The UK will expel 23 Russian diplomats from the country after concluding that the Russian state is responsible for the attempted murder of former Russian spy Sergei Skripal and his daughter Yulia in the English city of Salisbury.
This will be the single biggest expulsion of Russian diplomats in over 30 years, Prime Minister Theresa May said Wednesday. The 23 concerned, who May said had been identified as undeclared intelligence agents, will have only one week to leave.
"For those who seek to do us harm, my message is simple. You are not welcome here," she said in a statement to the House of Commons following a meeting of Britain's National Security Council.
The expulsion of diplomats will "fundamentally degrade" Russian intelligence capabilities in Britain for years, May said.
The Skripals are critically ill in hospital after being exposed to the nerve agent, known as Novichok and developed in Russia, on March 4. Thirty-eight other people in Salisbury were seen by medics after the exposure. One, a police officer, remains hospitalized.
Maysaid Monday it was highly likely that Moscow was behind the poisoning. The Russian ambassador to the UK was summoned to the UK Foreign Office to explain whether the attack was directed by Russian authorities, or whether Moscow had lost control of the nerve agent.
She demanded that Moscow respond by midnight Tuesday, London time, to the UK government's conclusion that Russia was linked to the poisoning of Sergei Skripal and his daughter Yulia on a park bench in Salisbury in southern England.
But Moscow -- which has repeatedly dismissed any accusations of involvement in the attack -- ignored the deadline.
May: 'Full and robust response'
Addressing lawmakers Wednesday, May said it had been right to give Russia the opportunity to answer the allegations, "but their response has demonstrated complete disdain for the gravity of these events."
The Russians had provided no credible explanation, she said, leading to "no alternative conclusion" other than that the Russian state was culpable for the attempted murder of the Skripals and for threatening the lives of other British citizens.
"This represents an unlawful use of force by the Russian state against the United Kingdom," she said. "And as I set out on Monday it has taken place against the backdrop of a well-established pattern of Russian state aggression across Europe and beyond.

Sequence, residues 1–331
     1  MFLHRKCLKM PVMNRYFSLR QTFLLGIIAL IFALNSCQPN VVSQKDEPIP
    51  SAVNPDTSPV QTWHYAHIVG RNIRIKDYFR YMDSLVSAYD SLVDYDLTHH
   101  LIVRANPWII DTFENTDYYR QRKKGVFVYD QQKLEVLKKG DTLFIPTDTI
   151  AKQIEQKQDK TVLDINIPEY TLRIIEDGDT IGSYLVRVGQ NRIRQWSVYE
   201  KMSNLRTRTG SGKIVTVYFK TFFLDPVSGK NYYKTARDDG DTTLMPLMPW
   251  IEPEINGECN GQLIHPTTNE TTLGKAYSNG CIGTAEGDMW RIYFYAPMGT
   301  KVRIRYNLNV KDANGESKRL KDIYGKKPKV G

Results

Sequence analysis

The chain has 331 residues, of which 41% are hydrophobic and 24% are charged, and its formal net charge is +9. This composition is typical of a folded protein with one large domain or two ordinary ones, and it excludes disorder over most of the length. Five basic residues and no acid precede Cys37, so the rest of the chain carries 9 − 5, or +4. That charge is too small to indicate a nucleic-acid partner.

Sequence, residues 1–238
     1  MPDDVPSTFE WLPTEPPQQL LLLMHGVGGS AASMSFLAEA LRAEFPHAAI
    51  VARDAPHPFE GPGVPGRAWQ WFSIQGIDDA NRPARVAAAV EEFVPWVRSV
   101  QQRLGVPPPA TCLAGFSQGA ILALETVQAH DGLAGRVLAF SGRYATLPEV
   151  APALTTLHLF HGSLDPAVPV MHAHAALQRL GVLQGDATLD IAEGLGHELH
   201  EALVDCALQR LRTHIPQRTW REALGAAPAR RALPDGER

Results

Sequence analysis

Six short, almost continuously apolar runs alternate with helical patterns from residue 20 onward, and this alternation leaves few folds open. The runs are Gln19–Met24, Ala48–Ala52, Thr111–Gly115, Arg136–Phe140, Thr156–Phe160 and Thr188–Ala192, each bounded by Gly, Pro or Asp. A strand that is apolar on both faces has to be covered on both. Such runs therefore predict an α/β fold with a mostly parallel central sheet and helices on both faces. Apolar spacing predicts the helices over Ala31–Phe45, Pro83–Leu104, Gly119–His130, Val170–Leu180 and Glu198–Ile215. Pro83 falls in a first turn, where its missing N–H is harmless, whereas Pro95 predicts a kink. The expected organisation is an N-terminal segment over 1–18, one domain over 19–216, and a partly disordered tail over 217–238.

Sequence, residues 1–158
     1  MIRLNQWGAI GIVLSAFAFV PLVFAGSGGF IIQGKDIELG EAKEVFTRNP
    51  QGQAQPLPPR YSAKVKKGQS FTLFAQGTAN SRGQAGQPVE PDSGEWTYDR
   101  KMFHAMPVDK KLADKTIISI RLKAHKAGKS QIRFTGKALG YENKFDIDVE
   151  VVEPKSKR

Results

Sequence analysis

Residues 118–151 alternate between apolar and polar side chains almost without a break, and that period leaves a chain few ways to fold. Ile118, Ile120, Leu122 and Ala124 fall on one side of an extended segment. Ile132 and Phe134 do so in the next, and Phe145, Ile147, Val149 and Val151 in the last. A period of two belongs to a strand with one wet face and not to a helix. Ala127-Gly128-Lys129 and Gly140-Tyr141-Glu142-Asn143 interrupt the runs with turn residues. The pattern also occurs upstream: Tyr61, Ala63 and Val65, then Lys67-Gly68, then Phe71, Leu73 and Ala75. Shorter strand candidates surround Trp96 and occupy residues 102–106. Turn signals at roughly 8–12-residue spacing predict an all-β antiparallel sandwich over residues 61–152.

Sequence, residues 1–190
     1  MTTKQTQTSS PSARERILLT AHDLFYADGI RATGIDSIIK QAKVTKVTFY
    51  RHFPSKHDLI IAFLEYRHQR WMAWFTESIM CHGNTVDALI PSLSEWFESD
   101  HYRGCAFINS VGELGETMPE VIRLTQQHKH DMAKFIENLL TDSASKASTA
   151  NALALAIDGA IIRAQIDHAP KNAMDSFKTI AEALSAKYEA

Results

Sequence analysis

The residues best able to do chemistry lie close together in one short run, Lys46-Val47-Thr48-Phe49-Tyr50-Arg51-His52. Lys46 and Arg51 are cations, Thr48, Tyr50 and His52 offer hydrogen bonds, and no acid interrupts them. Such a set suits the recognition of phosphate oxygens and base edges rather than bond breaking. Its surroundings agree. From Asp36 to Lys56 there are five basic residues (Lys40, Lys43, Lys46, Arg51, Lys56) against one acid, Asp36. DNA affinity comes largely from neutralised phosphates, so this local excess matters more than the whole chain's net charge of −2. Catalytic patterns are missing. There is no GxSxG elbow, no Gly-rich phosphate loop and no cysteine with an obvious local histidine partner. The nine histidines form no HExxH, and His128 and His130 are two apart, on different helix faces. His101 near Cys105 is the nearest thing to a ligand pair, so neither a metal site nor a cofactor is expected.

"It must therefore be met with a full and robust response -- beyond the actions we have already taken since the murder of Mr. Litvinenko and to counter this pattern of Russian aggression elsewhere," she added, referring to a different ex-Russian spy -- Alexander Litvinenko -- who was poisoned in London in 2006.
Britain has called for an "urgent meeting of the UN Security Council" to "update members on the investigation into the nerve agent attack in Salisbury," the UK Foreign Office tweeted.
Kremlin: 'Unfounded accusations'
Russian Foreign Minister Sergey Lavrov said earlier Wednesday that there had been no progress in his country's communications with Britain.
Speaking alongside his Turkish counterpart in Moscow, Lavrov accused UK authorities of "political theater" and trying to mislead the international community rather than submitting an official request to Russia in accordance with the Chemical Weapons Convention. Russia is ready to respond to an official request within 10 days, in line with its obligations, once it is made, Lavrov said.
Lavrov also said that Russia had no motive in targeting the specific individuals concerned and that all allegations were based on speculation.
Kremlin spokesman Dmitry Peskov similarly rejected "unfounded accusations" of Russian involvement in the attack as he spoke with reporters on a conference call.
"Moscow stands open to cooperation in the investigation of these events. Unfortunately, this is not reciprocated by the British," Peskov said, as he urged other countries to use their "common sense" as they consider whether there is any proof to the claims.
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